Fire Management On The Public Lands, by the Department Of the Interior Bureau Of Land Management
This book is probably the most enjoyable book I have read from the government’s collection of materials on fire management. Admittedly, this is not a high threshold to meet, given the general poor quality of most of these materials, but even though this book is certainly not perfect, it is at least a book that can offer the reader some pleasure in noting the various trade-offs that are involved when it comes to engaging in fire management on the public lands. The authors manage to discuss the rainfall in various parts of the United States, and also comment on the difficulties presented by the goal of government to restore a natural fire regime while being aware of the immense material and political costs of such a restrained attitude towards fire prevention. When the book states that the costs would be immense for the fire situation to move from active management and prevention to a more natural fire regime, it is impossible for the people of the West (and not only there) to fail to note that this cost will largely be paid for by those who live in the dry lands that periodically, as they did in 2020, erupt in massive flames across huge areas.
This book is a large one at more than 300 pages, but it is divided into a great many smaller sections that discuss the fire management situation in the West. The first part of the book describes the proposal of the authors to engage in a particular fire management strategy, as happens every few years in government. After that there is a description of the environment of the West and how it relates to fires and how they are to be managed, which takes up a substantial portion of the book. After that there is a discussion of the environmental impacts of the fire management program. This leads, quite naturally, to a discussion of the mitigating measures included in the proposed program. The book then ends with several brief sections, including adverse effects that cannot be avoided, short-term as opposed to long-term productivity of forest management strategies, irreversible and irretrievable commitments, alternatives to the proposed actions here, and consultation and coordination with others.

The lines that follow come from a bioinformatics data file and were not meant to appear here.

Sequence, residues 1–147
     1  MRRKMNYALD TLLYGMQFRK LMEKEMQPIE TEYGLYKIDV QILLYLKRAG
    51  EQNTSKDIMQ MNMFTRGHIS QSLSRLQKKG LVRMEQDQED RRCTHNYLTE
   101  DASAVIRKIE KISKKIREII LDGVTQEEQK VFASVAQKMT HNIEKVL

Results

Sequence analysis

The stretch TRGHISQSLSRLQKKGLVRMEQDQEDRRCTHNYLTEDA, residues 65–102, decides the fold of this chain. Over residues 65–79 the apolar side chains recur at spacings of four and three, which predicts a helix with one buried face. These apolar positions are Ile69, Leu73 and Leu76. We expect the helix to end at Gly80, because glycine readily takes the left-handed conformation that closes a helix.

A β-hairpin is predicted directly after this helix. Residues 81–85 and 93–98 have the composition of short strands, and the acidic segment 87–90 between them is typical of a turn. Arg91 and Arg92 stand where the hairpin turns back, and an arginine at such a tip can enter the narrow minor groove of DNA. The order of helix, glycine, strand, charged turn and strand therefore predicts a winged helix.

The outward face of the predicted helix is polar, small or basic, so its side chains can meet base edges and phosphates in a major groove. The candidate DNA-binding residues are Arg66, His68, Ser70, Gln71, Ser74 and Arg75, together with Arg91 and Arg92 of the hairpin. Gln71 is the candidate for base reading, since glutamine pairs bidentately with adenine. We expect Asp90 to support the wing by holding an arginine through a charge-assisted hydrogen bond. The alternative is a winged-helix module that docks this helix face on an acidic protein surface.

It is perhaps unsurprising that a book that deals with the fire management on the public lands would focus so much on the Western United States as well as Alaska. This is a natural result of political choices that left a huge part of the Western United States as public land to an extreme degree when compared to the Eastern United States. Now, this book does not examine this particular assumption, but rather looks at the problem of fire management from the point of view of huge chunks of land being under the responsibility of a government that appears to like having the property under its control but appears to be resentful of the responsibilities that come from that land when one looks at the needs and interests of the rural Americans of the West who live around that federal land. It is impossible to discuss the behavior of the government when it comes to fire management without reflecting on the disparate impact that politics has had on the land ownership of the West and on the responsibilities to protect the well-being of people that comes from that massive federal land ownership. The fact that the government has frequently tried to avoid or express annoyance at these responsibilities indicates that the people who work for the government have frequently failed to recognize the political consequences of their behavior. This book, to its credit, at least recognizes these political repercussions, if briefly.